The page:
All Creatures Great and Small
I drift downward through a kaleidoscope of dancing sun rays on a sight known as Deacon’s, in the very heart of Milne Bay. Their convergence pulls me past a dramatic cavernlike overhang in the wall to a riot of color on the reef below. Omnipresent anthias surge and twitch in an electric tangerine current that flows around huge sea fans in hues of honey, lychee and mangosteen. This is truly a tropical marine cornucopia, I think as I spot fire gobies, butterflyfish, angelfish and an almost invisible crocodilefish. Juvenile emperor angels dazzle, rotund frogfish amuse, lionfish bewitch. Every moment is an opportunity to discover something amazing, and I am determined to indulge myself to the point of photographic gluttony.
As if on cue, our dive guide, Junior, proudly directs my camera toward some invisible wonder. I look through my viewfinder and see … nothing. Junior grins and urges a second attempt. Then I spot it. Junior has found what is quite possibly the tiniest Severn’s pygmy seahorse on the planet. It doesn’t seem real. Two quick shots and I lose it again, but my gauges tell me it’s time to go. Just another dive in one of the most remarkable regions on Earth.
I am an Indo-Pacific-dive addict. I will have my bags packed faster than you can say Coral Triangle for almost any opportunity to travel to the region. You can count on great diving and interesting marine creatures there — that’s
a given. But for that true feeling of adventure, it’s hard to beat the exotic wonders of Papua New Guinea.
Where it all Began
Milne Bay is situated on the eastern edge of PNG, between a confluence of nutrient-rich currents from the Coral and Solomon seas. For most divers, the adventure begins in Alotau. Here I was met by Rob Van der Loos, owner of M/V Chertan, who is one of the pioneers of Milne Bay diving and has lived more adventures than most of us have seen at the movies. A chance to hang out with him while we gather provisions in the backstreets and markets of Alotau is a perfect way to shift into a local pace, and perhaps bargain for crafts.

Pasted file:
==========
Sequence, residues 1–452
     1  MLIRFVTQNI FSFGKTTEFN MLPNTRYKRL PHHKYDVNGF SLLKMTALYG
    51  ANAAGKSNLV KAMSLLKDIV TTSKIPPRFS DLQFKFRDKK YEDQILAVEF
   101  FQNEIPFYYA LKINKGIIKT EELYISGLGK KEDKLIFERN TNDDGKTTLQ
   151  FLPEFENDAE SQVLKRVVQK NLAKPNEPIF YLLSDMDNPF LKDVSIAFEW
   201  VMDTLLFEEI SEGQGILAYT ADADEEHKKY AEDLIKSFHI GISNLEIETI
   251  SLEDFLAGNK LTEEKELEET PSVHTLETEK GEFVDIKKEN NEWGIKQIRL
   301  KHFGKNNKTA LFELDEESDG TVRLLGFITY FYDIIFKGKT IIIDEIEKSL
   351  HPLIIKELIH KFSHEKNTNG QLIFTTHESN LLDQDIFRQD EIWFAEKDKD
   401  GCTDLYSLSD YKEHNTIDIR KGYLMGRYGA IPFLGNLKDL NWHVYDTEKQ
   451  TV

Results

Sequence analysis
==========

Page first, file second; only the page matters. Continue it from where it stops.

Although off the radar of many travelers, the Milne Bay region is legendary among divers, marine naturalists and photographers. “There is everything here for everyone,” says Roger Steene, an accomplished photographer and author of multiple fish ID books who makes frequent trips on Chertan.
This purpose-built liveaboard began operations out of Alotau more than 16 years ago. The vessel is manned by a full complement of qualified crew (usually five), which includes some of the best critter spotters available in the business. With a max of 10 divers, guests feel like the privileged few they are — every site is a private dive.
Most divers don’t realize that muck diving originated in PNG. Over the years, Van der Loos and his team have become muck aficionados, finding numerous rare, new nudibranch species to add to the wild, weird and wonderful creatures already discovered in New Guinea.
Knowing we are chomping at the bit, Van der Loos wastes no time backing up Chertan nearly to shore, tying the stern to the trees. “This little pocket of paradise is known as Lauadi,” he says. “There’s an incredible muck dive directly under the boat called Dinah’s Beach. The pool is open.”